Lucy Hawley stretched on her tips of her toes and extended her fingers to push an errant can of baking soda back onto the shelf.
The ladder she was on shook beneath her unsteady grip. She grabbed for the shelf to help stabilize her position, but missed. The rest of the baking soda cans spilled to the floor.
“Lucy? What is going on back there?”
She cringed, then scrambled down from the ladder. Clarence Hutson, her employer, wouldn’t be pleased by her accident.
“I knocked a few things over, sir. It won’t take more than a moment to restore them.” She bent and started picking up the cans. “I’m nearly finished with the stocking.”
He rounded the corner of the shelf. “Sweet mercy, Lucy. How did this happen?”
“The ladder isn’t the most stable item in the store, sir.”
Mr. Hutson put his hands on his hips. “But you’re certainly the clumsiest. Get this mess picked up before we close. Hurry up, now.”
“Of course, sir.” She moved up the ladder again with an armload of cans.
The tap of his soles moving away gave her some relief. Mr. Hutson wasn’t mean on purpose. He liked things done neatly and efficiently. Although she’d been certain she could do a good job when he hired her, she hadn’t reached his standards. Yet.
Four months did seemed like an excessive amount of time to learn proper stocking techniques. Although it often felt like he made her rearrange the items just to keep her busy and amuse himself.
“Four rows by four, Lucy,” he called from the front of the store. “Labels forward. All at the same angle.”
“Yes, sir.” She gritted her teeth.
“Perfect little soldiers.”
She mouthed the words as he called them out.
Mr. Hutson took his shelving and stocking seriously. She didn’t really need the money, but hard work was supposed to be good for one’s character. Hers ought to be glistening with a good sweat by the time she was laid to rest. The work didn’t make her happy, but the customers were good people and it was nice to see their faces every day. That made a great deal of difference.
What she wanted—long for—was a home of her own. Not the rented house where she lived with her father. And she wanted a dedicated, hardworking husband. A garden. No, two. One with flowers and one for vegetables. A place where she could work for herself and her family. At present, the house where they lived barely had a postage stamp sized yard.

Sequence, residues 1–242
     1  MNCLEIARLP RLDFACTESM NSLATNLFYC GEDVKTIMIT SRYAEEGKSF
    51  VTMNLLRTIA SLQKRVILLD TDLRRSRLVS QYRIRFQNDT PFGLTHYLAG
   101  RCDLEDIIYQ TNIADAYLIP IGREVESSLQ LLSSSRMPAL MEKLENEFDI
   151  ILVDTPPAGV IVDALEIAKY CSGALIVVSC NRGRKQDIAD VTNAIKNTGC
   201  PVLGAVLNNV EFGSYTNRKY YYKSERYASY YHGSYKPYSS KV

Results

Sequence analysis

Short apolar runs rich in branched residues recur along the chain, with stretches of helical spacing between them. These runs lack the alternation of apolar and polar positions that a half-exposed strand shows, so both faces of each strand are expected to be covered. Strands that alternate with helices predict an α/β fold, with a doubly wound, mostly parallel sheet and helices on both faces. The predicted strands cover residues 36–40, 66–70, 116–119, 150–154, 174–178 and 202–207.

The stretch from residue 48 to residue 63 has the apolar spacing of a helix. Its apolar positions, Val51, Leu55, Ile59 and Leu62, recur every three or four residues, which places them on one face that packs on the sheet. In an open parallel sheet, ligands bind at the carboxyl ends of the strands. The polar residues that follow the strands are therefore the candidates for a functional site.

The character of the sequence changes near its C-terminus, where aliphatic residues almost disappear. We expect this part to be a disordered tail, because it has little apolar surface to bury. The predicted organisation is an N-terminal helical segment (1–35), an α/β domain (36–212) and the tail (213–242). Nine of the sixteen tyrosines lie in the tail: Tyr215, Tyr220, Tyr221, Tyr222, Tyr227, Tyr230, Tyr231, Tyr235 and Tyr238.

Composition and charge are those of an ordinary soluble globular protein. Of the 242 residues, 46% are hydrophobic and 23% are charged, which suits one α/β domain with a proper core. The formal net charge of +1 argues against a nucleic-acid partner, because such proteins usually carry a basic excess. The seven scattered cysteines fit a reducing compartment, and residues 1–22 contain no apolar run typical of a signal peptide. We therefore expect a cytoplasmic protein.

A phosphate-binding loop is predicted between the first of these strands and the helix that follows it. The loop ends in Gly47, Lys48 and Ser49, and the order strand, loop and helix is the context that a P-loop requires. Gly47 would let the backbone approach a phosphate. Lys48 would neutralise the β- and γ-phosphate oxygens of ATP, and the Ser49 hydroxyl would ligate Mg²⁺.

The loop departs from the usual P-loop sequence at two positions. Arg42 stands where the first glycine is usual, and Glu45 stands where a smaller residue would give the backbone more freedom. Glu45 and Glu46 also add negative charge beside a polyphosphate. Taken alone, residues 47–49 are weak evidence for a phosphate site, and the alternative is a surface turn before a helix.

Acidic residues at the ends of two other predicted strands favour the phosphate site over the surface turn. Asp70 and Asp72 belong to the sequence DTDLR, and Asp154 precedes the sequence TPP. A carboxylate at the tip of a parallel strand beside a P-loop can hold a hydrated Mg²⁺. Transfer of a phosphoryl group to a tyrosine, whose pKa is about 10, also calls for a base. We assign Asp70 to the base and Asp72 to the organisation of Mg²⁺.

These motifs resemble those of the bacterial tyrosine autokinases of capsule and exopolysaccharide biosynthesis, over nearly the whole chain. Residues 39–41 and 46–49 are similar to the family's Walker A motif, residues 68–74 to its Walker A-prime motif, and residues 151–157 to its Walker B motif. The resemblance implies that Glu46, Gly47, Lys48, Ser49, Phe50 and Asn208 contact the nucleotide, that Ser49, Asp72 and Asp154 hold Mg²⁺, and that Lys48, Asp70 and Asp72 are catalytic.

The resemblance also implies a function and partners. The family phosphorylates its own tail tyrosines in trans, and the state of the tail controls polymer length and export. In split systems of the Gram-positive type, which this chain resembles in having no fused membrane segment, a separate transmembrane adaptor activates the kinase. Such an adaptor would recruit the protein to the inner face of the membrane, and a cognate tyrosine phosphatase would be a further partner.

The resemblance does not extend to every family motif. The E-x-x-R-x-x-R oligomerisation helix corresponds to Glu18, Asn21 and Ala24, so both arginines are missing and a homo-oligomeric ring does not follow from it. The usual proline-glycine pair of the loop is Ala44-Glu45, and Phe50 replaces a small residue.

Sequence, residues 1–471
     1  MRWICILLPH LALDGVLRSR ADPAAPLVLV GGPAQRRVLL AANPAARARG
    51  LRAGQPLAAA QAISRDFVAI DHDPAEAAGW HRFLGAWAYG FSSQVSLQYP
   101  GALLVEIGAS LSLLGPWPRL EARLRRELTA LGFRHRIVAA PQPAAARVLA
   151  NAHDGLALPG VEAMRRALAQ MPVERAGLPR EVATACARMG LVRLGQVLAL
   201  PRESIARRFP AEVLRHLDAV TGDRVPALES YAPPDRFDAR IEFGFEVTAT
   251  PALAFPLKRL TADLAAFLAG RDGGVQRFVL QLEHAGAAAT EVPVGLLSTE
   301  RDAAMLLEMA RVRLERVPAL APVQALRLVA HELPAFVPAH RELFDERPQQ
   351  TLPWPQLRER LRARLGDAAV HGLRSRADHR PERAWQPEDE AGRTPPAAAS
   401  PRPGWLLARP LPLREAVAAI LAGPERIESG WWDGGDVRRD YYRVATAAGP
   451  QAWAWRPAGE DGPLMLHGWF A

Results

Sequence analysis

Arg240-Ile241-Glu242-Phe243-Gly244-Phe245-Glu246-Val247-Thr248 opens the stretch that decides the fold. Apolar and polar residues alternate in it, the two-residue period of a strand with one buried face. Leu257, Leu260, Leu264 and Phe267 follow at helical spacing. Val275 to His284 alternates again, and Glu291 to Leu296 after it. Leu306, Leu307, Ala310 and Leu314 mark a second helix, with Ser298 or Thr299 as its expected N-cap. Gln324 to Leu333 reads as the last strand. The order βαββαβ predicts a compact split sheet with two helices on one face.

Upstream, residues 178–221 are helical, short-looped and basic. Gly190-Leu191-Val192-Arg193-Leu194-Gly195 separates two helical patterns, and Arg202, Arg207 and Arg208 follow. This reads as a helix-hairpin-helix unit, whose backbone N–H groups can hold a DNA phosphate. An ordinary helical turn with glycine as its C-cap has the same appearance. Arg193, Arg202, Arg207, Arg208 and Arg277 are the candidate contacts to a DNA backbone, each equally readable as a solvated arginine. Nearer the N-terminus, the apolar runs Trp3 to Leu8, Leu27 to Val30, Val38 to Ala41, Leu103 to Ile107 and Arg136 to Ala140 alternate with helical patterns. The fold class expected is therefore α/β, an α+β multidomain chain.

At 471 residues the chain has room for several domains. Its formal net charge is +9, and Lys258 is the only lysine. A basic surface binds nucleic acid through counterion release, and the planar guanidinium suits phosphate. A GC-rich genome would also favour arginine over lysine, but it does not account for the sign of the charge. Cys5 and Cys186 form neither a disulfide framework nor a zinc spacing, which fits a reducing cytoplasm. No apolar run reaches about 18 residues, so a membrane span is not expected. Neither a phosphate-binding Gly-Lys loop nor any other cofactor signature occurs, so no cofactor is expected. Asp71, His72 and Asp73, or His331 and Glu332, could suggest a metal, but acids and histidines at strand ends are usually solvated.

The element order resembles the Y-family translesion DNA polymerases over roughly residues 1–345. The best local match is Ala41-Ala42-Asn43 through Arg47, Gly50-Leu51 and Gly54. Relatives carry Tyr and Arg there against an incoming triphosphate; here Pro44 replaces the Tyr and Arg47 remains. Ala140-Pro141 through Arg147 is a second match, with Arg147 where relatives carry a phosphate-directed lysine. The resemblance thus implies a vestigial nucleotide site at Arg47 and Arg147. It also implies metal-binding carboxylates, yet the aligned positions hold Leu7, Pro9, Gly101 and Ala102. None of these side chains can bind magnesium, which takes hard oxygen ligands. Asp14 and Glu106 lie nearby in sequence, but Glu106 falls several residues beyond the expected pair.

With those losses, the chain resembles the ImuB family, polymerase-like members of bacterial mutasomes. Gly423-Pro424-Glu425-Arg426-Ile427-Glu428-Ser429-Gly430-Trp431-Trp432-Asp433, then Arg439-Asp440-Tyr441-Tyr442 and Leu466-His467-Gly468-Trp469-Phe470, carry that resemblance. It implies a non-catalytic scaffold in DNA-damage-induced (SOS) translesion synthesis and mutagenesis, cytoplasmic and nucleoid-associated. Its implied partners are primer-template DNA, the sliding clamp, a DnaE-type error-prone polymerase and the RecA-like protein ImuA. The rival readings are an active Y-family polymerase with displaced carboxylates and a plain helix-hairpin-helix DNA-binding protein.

Saving her money wouldn’t buy her a husband, but it would put her closer to the dream of her own home and the gardens. Fate would have to show her some kindness in regards to a husband.
She organized the shelf, managing to keep everything tidy and get down the ladder without knocking anything else askew. Lucy dusted off her hands, then lifted the ladder to take to the front.
She pushed the long end of the ladder around the corner. It wobbled in her grip and the front rose up as she struggled to control it.
Something clattered to the floor.
“Oh, no.” She set the ladder aside. “Mr. Hutson, I’m so—”
The man rubbing his temple wasn’t her employer.
He looked startled as their gazes met, then his went to the floor.
A gleaming Colt Peacemaker lay there.
“Oh goodness. I’m sorry. Are you all right, sir?” If she’d damaged his weapon, in addition to his head, it was likely an apology wouldn’t fix the situation.
“I’m fine. This is supposed to be—it’s a…” He gave up whatever he was trying to say. “I’m leaving.” His words were as stiff as his back.
“I didn’t mean to hurt you. Please don’t go on my account. I can help you find anything you need. Or Mr. Hutson could help if I’ve offended you too much.” She didn’t see the owner, but he couldn’t have gone far. He’d be appalled when he learned she’d nearly knocked out one of his customers.